Serum leptin and leptin binding activity in children and adolescents with hypothalamic dysfunction.
Cooper, C D
Quinton, N D
Butler, G E
Gill, Matthew S
Jefferson, I G
Kibirige, M S
Price, David A
Shalet, Stephen M
Wales, J K H
Ross, R J M
Clayton, Peter E
AffiliationDepartment of Child Health, University of Manchester, Booth Hall Children's Hospital, UK. firstname.lastname@example.org
MetadataShow full item record
AbstractMarked disturbance in eating behaviour and obesity are common sequelae of hypothalamic damage. To investigate whether these were associated with dysfunctional leptin central feedback, we evaluated serum leptin and leptin binding activity in 37 patients (age 3.5-21 yr) with tumour or trauma involving the hypothalamic-pituitary axis compared with 138 healthy children (age 5.0-18.2 yr). Patients were subdivided by BMI <2 SDS or > or = 2 SDS and healthy children and children with simple obesity of comparable age and pubertal status served as controls. Patients had higher BMI (mean 1.9 vs 0.2 SDS; p <0.001), a greater proportion had BMI > or = 2 SDS (54% vs 8%; p <0.001) and higher serum leptin (mean 2.1 vs 0.04 SDS; p <0.001) than healthy children. Serum leptin (mean 1.1 vs -0.1 SDS; p = 0.004) and values adjusted for BMI (median 0.42 vs 0.23 microg/l:kg/m2; p = 0.02) were higher in patients with BMI <2 SDS. However, serum leptin adjusted for BMI was similar in patients with BMI > or = 2 SDS compared to corresponding controls (1.08 vs 0.95; p = 0.6). Log serum leptin correlated with BMI SDS in all subject groups but the relationship in patients with BMI <2 SDS was of higher magnitude (r = 0.65, slope = 0.29, p =0.05 for difference between slopes) than in healthy controls (r = 0.42, slope = 0.19). Serum leptin binding activity (median 7.5 vs 9.3%; p = 0.02) and values adjusted for BMI (median 0.28 vs 0.48 % x m2/kg; p <0.001) were lower in patients than in healthy children. The markedly elevated leptin levels with increasing BMI in non-obese patients with hypothalamic-pituitary damage are suggestive of an unrestrained pattern of leptin secretion. This along with low leptin binding activity and hence higher free leptin levels would be consistent with central leptin insensitivity.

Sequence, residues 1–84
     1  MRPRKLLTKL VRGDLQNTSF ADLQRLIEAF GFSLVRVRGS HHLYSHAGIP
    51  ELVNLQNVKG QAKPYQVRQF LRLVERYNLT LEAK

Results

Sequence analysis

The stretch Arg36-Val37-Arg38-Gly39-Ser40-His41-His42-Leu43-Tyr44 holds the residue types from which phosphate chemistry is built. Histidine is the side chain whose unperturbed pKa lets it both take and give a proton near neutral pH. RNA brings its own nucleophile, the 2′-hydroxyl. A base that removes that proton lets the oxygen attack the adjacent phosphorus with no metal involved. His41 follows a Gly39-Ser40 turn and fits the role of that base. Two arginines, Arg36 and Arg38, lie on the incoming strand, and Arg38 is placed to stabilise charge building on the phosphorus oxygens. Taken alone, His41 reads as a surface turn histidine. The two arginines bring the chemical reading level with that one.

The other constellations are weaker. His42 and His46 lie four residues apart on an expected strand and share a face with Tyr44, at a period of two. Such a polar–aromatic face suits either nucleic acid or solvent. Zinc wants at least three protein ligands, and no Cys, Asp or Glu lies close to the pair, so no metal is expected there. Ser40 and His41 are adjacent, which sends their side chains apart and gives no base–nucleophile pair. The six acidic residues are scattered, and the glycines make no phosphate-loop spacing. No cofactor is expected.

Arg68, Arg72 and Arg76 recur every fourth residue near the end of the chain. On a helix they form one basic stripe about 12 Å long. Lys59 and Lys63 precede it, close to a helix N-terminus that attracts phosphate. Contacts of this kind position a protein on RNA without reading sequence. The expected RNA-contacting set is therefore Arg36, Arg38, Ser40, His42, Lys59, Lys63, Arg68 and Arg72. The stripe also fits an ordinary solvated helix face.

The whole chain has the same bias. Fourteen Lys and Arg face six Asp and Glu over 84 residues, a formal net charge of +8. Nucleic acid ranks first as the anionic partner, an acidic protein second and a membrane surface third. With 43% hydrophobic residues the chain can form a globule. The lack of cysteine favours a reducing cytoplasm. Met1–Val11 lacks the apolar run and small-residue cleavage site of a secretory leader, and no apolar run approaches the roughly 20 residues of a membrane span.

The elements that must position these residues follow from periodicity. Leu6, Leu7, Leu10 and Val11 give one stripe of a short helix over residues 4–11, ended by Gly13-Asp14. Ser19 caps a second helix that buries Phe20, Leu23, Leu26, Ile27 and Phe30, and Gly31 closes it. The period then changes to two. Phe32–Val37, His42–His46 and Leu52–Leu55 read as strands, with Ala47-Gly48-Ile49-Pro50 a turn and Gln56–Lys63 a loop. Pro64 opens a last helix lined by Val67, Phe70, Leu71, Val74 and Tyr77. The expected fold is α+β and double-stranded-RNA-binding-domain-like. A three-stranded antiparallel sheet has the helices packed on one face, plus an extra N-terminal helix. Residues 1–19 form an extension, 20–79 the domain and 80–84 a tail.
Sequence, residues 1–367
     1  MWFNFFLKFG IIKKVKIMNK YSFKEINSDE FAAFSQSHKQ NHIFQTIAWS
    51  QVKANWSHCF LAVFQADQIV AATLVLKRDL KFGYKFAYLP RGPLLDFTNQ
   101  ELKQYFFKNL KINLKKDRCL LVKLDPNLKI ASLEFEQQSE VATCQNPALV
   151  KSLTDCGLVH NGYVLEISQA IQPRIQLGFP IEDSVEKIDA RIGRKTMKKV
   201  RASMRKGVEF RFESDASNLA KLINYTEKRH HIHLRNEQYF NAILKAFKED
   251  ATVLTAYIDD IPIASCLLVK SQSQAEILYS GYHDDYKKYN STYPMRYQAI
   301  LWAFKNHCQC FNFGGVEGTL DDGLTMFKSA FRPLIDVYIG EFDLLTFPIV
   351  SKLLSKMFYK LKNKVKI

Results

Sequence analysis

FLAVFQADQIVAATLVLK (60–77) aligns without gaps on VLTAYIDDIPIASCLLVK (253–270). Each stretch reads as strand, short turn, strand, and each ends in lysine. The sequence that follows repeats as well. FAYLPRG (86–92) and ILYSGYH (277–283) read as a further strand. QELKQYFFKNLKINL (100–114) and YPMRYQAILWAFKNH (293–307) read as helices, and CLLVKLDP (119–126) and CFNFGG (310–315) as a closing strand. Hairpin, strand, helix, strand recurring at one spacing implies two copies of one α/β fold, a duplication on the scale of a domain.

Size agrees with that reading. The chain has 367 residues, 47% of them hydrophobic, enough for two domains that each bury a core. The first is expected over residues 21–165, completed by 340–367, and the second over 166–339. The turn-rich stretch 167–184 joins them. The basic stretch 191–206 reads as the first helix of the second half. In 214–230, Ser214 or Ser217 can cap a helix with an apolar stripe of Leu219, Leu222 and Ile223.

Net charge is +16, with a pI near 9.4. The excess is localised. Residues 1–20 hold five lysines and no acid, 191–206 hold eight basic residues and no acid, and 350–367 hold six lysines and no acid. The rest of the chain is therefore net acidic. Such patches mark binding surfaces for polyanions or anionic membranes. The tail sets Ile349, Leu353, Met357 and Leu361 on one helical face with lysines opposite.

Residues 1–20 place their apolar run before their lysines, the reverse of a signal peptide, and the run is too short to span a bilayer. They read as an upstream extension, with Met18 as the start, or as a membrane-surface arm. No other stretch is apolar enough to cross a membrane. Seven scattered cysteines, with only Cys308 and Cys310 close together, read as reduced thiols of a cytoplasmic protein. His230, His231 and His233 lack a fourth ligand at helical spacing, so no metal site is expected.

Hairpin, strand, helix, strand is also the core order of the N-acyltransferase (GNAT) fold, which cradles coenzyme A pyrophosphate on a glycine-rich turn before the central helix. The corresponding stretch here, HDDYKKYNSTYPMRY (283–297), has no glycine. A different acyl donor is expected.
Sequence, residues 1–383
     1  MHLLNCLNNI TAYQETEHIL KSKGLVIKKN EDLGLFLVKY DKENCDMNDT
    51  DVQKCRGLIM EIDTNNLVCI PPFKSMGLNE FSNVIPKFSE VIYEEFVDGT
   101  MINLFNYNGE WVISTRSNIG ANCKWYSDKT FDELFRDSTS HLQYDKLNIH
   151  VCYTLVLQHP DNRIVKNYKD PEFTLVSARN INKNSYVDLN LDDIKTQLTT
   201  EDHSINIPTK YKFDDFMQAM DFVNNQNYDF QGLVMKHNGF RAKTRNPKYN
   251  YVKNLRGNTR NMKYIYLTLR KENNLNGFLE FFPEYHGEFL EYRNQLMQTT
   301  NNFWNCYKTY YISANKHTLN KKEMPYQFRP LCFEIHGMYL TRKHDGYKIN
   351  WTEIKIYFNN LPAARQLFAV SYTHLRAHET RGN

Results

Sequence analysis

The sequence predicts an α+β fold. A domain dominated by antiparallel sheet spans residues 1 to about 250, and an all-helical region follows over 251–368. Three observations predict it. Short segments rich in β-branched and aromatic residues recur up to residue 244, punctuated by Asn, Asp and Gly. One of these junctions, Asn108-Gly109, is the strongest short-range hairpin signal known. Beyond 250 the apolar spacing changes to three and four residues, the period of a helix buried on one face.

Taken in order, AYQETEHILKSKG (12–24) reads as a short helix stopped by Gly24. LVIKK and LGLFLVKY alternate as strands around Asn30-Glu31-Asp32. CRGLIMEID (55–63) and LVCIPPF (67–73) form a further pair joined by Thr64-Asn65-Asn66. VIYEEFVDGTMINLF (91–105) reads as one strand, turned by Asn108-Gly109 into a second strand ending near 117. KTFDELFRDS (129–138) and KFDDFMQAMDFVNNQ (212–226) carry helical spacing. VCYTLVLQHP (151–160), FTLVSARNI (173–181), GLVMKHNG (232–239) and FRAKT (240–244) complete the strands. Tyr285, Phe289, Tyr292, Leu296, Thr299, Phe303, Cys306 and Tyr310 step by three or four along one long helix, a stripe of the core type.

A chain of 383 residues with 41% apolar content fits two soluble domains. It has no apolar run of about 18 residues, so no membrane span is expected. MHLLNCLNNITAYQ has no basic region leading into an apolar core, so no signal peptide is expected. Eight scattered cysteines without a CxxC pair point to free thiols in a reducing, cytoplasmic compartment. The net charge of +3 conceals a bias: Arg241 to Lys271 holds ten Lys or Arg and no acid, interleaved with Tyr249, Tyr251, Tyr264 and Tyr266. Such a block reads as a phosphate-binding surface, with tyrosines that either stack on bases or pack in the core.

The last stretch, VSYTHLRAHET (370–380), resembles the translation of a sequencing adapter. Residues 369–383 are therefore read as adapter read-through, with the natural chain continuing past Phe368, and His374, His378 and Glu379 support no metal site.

CitationSerum leptin and leptin binding activity in children and adolescents with hypothalamic dysfunction., 15 (7):963-71 J. Pediatr. Endocrinol. Metab.
JournalJournal of Pediatric Endocrinology & Metabolism
- Obesity among children and adolescents with classic congenital adrenal hyperplasia due to 21-hydroxylase deficiency.
- Authors: Völkl TM, Simm D, Beier C, Dörr HG
- Issue date: 2006 Jan
- Serum leptin and IGF-I during growth hormone treatment in chronic renal failure.
- Authors: Patel L, Webb NJ, Bradbury MG, Zaman N, Smith P, Lewis MA, Postlethwaite RJ, Price DA, Clayton PE
- Issue date: 2002 Aug
- Correlations among serum leptin levels, complete blood count parameters and peripheral CD34(+) cell count in prepubertal obese children.
- Authors: Kinik ST, Ozbek N, Yücel M, Haberal A, Cetintas S
- Issue date: 2005 Sep
- [Relationship between body mass index and leptin levels in children treated for acute lymphoblastic leukemia during and after maintenance therapy].
- Authors: Muszyńska-Rosłan K, Krawczuk-Rybak M, Topczewska M, Sawicka-Zukowska M
- Issue date: 2006
- Correlates of adiponectin and the leptin/adiponectin ratio in obese and non-obese children.
- Authors: Diamond FB Jr, Cuthbertson D, Hanna S, Eichler D
- Issue date: 2004 Aug